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Lessons about search warrant affidavits

If you’ve never written an affidavit for a search warrant, now is the time to learn

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This article was featured in Lexipol’s Xiphos newsletter, a monthly legal-focused law enforcement newsletter authored by Ken Wallentine. Subscriptions are free for public safety officers, educators and public attorneys. Subscribe here!

Many times over the years, officers have heard me encourage them to “talk nice, think mean.” We’ve written about the language of consent and avoiding coercive speech in countless issues of Xiphos – Lexipol’s legal newsletter – over the nearly quarter-century that I’ve been editing the newsletter.

I learned the lesson early in my career, though I’ve forgotten it and had to re-learn the hard way a few times. One of my early arrests of an impaired driver involved a waitress who had been out drinking with friends on her birthday. During the search of her purse at the jail, I located a gag gift that was, to say the least, very embarrassing to her. Without thinking about it too much, I put it in an opaque evidence bag rather than leaving it on the counter as I filled out the booking sheet (in long hand those days!).

A few months later, I was dispatched to an all-night diner to “see the waitress.” I was surprised to see the same young woman I’d arrested. She told me she worked two jobs. In addition to waitressing, she cleaned motel rooms during the day. She showed me some drug paraphernalia she’d dug out of the trash in one of the rooms she cleaned earlier that day and told me about a large plastic bag full of white powder that “could be, I don’t know, coke.”

I asked her why she had called the police and why she had asked for me. After all, I took her to jail on her birthday. She said, “You talked nice to me,” and didn’t make a big deal of her embarrassing gag gift. Talk nice, think mean.

A short while later, I was typing out my first ever affidavit for a search warrant. I called for help from one of the narcotics officers who deigned to speak to lowly rookie patrol officers. I nervously drove to a judge’s house at 0200 hrs and woke him up. He signed the warrant but told me to wait until daylight to serve it.

It was indeed a large bag of cocaine. Talk nice, think mean, coupled with a quick lesson on the elements of an affidavit for a search warrant, paid off. With the hundreds and hundreds of warrant affidavits I’ve written and reviewed over the past decades, the formula remains the same.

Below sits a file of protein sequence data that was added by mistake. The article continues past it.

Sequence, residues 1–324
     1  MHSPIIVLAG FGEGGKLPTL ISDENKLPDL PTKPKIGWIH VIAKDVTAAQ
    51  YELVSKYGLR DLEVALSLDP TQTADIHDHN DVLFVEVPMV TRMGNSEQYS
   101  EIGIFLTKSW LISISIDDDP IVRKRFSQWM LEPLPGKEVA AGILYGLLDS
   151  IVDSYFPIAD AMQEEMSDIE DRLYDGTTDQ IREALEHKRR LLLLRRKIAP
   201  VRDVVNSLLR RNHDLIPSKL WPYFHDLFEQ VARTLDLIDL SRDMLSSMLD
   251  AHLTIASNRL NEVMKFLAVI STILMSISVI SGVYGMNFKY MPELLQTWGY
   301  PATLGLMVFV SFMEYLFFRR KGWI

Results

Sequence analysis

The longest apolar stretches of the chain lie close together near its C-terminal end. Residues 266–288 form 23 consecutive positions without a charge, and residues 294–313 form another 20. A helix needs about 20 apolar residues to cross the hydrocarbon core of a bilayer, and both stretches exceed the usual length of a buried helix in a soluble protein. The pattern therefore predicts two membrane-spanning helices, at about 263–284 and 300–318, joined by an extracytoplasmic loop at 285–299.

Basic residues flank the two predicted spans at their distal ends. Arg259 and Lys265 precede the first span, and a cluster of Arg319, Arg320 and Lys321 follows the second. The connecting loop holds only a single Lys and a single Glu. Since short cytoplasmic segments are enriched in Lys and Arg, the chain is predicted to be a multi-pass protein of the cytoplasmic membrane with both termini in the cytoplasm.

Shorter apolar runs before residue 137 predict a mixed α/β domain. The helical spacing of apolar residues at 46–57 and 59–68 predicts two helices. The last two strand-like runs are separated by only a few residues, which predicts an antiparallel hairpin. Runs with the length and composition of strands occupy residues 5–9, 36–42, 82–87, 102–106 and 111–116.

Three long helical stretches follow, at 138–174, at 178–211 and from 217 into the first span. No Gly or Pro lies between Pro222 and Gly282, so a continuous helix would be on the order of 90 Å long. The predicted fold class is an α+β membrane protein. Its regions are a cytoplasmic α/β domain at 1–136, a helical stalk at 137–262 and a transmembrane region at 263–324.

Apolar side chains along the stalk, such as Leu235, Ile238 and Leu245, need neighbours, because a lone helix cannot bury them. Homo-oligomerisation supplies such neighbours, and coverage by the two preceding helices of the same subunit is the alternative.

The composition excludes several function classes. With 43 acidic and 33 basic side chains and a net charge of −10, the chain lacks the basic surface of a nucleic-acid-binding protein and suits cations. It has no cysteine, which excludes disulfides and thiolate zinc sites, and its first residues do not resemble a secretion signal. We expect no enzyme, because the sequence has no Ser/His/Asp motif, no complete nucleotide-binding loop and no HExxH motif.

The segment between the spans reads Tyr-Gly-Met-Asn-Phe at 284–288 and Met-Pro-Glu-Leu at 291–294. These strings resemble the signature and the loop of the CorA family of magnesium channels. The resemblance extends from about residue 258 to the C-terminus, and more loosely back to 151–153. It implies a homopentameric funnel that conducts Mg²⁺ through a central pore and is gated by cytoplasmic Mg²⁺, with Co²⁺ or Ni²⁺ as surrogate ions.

If you’ve never written an affidavit for a search warrant, now is the time to learn. Find an experienced investigator, probably one who has worked drug cases, and ask to sit in the next time a warrant is sought. Work on your “hero statement” or affiant resume. Learn the format, but most importantly, learn what is required by the Fourth Amendment. Here’s the basic formula in 54 simple words:

The right of the people to be secure in their persons, houses, papers, and effects, against unreasonable searches and seizures, shall not be violated and no warrants shall issue, but upon probable cause, supported by oath or affirmation, and particularly describing the place to be searched, and the persons or things to be seized. (Fourth Amendment to the United States Constitution)

Quick overview of a search warrant affidavit

  • Caption: Include the proper title of the court that will issue the warrant.
  • Affiant resume (“hero statement”): Describe your training and experience and tell the court about your prior search warrant experience (if any).
  • Description: Particularly describe the place to be searched. Particularly describe the person or things to be seized. Have you discussed the curtilage and outbuildings?
  • Probable cause: Give the court sufficient information to conclude there is probable cause to believe that fruits, instrumentalities or evidence of a crime will be found at the place to be searched.
  • Notice: Will the warrant be served with notice or is it necessary to seek a no-knock warrant? If applicable, explain to the court the reasons a no-knock warrant is justified. Check for state statutes or other relevant restrictions that may limit the availability of a no-knock warrant.
  • Time: If the warrant is to be served at night, provide a justification for nighttime service. Check for applicable state statutes.

The ability to write a complete and effective search warrant affidavit is essential for all law enforcement professionals. Take the time to understand what a good affidavit consists of and apply it. And subscribe to Xiphos to keep up with case law to learn lessons from the actions of other officers.

Read more Ken Wallentine case reviews here.

Ken Wallentine is the chief of the West Jordan (Utah) Police Department and former chief of law enforcement for the Utah Attorney General. He has served over four decades in public safety, is a legal expert and editor of Xiphos, a monthly national criminal procedure newsletter. He is a member of the Board of Directors of the Institute for the Prevention of In-Custody Death and serves as a use of force consultant in state and federal criminal and civil litigation across the nation.